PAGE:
The Securities and Exchange Commission (SEC), in response to the recent financial crisis and perceived need to hold board members accountable, is working on sweeping reform that could change that.
The SEC stepped up pressure on boards of public companies July 1 by approving an amendment to a New York Stock Exchange rule that would eliminate the so-called “broker discretionary vote” in uncontested director elections. Previously, brokers were permitted to vote their clients’ shares in routine matters if the shareowners did not provide voting direction, and usually they voted in line with management recommendations.
Starting in 2010, brokers will not be able to vote the shares without the shareowners’ specific instruction. This will lower the percentage of votes that a director receives, and if a proxy advisory firm such as RiskMetrics (formerly ISS) recommends a withhold vote for a director, there is a very real possibility the director will not receive the required majority vote to remain on the board.
The SEC proposed a rule that would enable shareholders to nominate a limited number of directors without mounting a proxy contest. Shareholders who meet prescribed ownership thresholds would be allowed to nominate candidates for up to 25 percent of the board. The rule would allow stockholder groups, such as activist hedge funds or institutional investors, to place candidates on a company’s proxy ballot at company expense. All of the candidates would be mixed on the same ballot. The company wouldn’t be allowed to ask shareholders to check a single box to vote for its complete slate, which is today’s standard.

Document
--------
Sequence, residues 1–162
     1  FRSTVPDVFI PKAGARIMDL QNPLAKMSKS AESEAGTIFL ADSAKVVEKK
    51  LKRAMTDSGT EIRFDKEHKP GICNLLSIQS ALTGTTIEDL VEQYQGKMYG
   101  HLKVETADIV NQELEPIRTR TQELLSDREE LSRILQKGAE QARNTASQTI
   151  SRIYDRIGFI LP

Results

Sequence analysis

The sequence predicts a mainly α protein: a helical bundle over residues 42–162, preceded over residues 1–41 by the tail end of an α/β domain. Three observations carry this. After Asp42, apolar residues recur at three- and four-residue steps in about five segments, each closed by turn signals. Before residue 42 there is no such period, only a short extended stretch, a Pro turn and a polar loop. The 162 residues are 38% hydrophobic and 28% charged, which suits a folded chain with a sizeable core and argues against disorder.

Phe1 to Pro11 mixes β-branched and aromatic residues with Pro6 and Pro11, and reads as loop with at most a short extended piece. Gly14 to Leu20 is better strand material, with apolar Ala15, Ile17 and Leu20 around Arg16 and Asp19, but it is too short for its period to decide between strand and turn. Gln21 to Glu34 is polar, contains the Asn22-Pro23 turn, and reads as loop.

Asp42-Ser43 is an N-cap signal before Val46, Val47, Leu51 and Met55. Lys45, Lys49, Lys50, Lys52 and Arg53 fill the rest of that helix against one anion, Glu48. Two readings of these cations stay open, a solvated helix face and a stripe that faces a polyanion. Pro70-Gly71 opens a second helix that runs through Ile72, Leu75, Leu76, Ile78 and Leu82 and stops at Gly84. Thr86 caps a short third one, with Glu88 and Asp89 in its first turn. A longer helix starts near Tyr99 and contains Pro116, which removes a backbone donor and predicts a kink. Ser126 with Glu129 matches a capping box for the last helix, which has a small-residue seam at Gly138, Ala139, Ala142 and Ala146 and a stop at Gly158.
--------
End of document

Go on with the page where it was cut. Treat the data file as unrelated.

Most observers believe some version of the measure will pass. That is why many companies advocate a weakened version. The SEC’s current proposal would allow proxy access to shareholders holding as little as 1 percent of a companies shares (provided they have held those shares for one year), some opponents argue it should kick in only for shareholders who hold 5 percent of company shares for at least two years. That number would jump to 10 percent if shareholders worked as a group to nominate directors.
While this may sound harmless or even reasonable, the measure would give activist shareholders who hold a small interest in a company – as little as 1 percent – enormous leverage to promote their own agendas. It would require companies to allow, and essentially pay for, these activist shareholders to run a competing slate of board candidates.
Granted, there is plenty for shareholders to be upset about these days. But the answer isn’t to pit one group of agenda-driven shareholders against all others. Corporate boards are designed to hold management accountable to the interests of all shareholders. Allowing special interest groups to rig the proxy rules for their own advantage is simply bad corporate governance. And it is very distracting to companies, taking time away from executives that would be better spent focusing on long-term strategy.